A reply from Zen makes Blake light-heartedly wonder if he “offended Zen’s professional pride” to which Avon answers, “It’s just a machine, Blake.” Vila then comments to Gan, “He should know.” Gan is a bit thick and doesn’t get this at first. Avon walks over and clears it up for him: “He was calling me a machine. But since he undoubtedly defines himself as a human being, I will choose to accept that as more of a compliment than anything else.” Even if Vila has touched something, it’s a nice comeback from Avon and gets no further reply from Vila, who busies himself looking down at some interesting controls. There’s a great moment afterwards where Vila gets up and Avon doesn’t move, forcing him to brush past his chest. Avon stands there smiling, knowing he’s made his position clear. I don’t see them getting in a barroom punch-up but still wouldn’t fancy Vila’s chances and he’s certainly never going to win in a battle of wits with Avon.
As darkness sets in, the crew back on The Liberator are still watching the screens showing the planet below. Avon is prepared to give in for the night. Gan challenges, “You’re never involved, are you, Avon? Have you ever cared for anyone?” Vila adds, “Except yourself?” Avon replies, “I have never understood why it should be necessary to become irrational in order to prove that you care. Or indeed why it should be necessary to prove it at all.” I have previously described Avon as selfish, in a logical way – his most pressing concern does tend to be, and usually has to be, preventing Blake from killing them all. So initially it would seem that Gan and Vila’s comments are fair.
But I found Avon’s answer masterful as his entire outlook is based on acting rationally for survival. His rather removed personality is a demonstration of the other half of his statement and I do find it really intriguing that he doesn’t understand why you might need to demonstrate that you care about other people. He is not concerned that showing such compassion might help build relationships and make others more inclined to care about him. I have previously referenced Avon’s very first scene from Space Fall in which he reveals that he got caught by the Federation while trying to rob a bank because he “relied on other people” and so his comments in Duel make perfect sense. I don’t think Avon is bothered whether or not other people know he cares about them because even if he does, he probably doesn’t expect them to care about him.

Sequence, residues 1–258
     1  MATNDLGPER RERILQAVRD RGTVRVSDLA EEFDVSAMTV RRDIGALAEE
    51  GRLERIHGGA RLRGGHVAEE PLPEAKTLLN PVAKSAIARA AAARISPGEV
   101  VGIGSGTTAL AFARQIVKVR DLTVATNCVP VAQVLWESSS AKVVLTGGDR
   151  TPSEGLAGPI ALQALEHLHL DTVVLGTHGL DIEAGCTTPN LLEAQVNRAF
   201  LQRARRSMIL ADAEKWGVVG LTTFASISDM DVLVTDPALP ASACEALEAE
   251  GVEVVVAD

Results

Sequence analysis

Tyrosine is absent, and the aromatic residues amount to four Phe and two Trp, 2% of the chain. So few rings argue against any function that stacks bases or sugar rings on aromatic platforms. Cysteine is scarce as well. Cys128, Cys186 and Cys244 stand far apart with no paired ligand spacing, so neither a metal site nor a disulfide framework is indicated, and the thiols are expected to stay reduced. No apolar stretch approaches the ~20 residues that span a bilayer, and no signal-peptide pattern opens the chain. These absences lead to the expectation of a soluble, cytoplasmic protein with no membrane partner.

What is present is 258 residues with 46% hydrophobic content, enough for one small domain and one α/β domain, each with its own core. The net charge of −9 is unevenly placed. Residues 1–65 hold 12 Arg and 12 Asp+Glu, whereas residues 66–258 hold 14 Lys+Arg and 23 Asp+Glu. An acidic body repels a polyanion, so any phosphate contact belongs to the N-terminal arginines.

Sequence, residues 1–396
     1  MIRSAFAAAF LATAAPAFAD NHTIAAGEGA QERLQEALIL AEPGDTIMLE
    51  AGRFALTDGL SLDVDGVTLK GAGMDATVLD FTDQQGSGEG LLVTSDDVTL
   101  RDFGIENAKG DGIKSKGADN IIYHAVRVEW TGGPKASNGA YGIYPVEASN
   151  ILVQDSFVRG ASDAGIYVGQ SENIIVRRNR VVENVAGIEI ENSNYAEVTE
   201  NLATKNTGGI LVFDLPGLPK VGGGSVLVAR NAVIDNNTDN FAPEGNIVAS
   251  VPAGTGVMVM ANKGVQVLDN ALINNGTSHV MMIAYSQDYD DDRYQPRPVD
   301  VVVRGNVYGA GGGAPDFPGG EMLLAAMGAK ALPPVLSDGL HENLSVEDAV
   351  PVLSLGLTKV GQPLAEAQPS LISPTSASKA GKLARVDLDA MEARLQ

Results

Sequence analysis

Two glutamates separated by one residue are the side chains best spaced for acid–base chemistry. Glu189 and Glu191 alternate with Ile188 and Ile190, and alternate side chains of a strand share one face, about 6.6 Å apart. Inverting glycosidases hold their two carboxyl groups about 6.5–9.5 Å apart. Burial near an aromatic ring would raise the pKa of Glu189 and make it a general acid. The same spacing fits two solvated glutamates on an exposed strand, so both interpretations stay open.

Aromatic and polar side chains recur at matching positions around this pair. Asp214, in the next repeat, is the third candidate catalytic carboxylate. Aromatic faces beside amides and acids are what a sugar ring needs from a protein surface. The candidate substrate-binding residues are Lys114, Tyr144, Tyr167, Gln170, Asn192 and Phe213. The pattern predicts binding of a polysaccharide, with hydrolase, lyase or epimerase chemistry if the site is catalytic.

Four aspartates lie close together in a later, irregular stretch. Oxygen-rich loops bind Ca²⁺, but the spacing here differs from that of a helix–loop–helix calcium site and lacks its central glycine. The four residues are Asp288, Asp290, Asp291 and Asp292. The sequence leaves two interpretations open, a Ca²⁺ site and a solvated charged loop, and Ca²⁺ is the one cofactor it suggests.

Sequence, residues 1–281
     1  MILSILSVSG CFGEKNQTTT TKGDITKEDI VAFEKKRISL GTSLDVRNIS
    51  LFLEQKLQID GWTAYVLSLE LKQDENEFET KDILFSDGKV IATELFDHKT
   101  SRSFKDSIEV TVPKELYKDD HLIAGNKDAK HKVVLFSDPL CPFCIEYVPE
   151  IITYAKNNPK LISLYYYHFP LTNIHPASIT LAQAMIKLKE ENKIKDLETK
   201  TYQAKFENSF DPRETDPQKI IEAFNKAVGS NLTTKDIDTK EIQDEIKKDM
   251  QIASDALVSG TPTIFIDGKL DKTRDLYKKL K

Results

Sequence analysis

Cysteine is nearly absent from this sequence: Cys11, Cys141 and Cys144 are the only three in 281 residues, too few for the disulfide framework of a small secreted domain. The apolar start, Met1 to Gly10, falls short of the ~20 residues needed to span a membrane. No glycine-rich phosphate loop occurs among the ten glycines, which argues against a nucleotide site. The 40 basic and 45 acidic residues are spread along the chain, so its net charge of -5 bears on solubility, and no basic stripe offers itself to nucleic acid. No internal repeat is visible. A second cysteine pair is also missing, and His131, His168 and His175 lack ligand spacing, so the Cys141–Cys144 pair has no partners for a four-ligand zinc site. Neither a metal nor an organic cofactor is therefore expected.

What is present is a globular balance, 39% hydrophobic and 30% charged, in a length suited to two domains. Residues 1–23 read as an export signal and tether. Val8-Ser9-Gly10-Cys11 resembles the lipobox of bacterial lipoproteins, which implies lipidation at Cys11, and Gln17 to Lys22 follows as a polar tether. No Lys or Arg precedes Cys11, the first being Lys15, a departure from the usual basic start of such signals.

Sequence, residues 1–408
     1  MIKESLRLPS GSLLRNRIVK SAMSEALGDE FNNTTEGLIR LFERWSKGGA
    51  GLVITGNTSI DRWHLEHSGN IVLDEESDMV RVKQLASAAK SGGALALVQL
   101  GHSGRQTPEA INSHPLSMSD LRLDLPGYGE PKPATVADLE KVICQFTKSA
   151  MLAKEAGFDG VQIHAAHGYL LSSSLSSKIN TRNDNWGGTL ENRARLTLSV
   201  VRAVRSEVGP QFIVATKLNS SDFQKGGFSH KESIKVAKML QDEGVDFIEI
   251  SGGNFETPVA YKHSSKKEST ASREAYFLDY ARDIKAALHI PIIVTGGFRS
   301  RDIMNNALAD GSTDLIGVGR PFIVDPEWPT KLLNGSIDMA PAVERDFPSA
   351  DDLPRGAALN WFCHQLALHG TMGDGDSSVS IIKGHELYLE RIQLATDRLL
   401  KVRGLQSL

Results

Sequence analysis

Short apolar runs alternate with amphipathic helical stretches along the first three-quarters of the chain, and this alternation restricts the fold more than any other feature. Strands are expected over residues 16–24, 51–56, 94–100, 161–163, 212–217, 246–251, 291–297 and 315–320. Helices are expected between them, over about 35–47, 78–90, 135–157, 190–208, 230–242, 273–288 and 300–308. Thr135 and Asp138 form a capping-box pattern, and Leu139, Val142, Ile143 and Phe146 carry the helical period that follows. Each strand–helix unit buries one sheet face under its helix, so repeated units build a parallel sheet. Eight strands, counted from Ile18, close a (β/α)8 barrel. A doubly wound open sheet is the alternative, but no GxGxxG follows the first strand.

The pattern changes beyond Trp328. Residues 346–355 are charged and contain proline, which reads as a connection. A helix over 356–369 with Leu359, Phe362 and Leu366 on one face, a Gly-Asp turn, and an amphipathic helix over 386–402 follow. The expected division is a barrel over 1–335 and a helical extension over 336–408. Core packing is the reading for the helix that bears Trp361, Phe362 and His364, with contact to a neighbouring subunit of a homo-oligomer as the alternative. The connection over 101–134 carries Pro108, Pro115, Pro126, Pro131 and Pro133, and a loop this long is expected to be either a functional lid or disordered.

While it is true that Avon is fairly reserved when it comes to expressing emotions outside of anger and cynicism, he is capable of doing so. The moment that has stayed with me is the end of Seek-Locate-Destroy when Blake and Cally return to The Liberator. Standing with Avon, Vila says to them, “We’re glad you’re safe, aren’t we? Aren’t we?” Avon is still starring over towards Blake and Cally, and softly says, “Yes, I’m glad you’re alright.” He says it like he means it and my interpretation was that even if Avon dislikes Blake, he does share concern for the other crew and is relieved Cally returned from Travis safely. I think Avon could be afraid of showing much emotion, fearing that it would make him vulnerable. Yet even if the others do see him as somewhat robotic, it is evidenced that he simply chooses when and if to show he cares.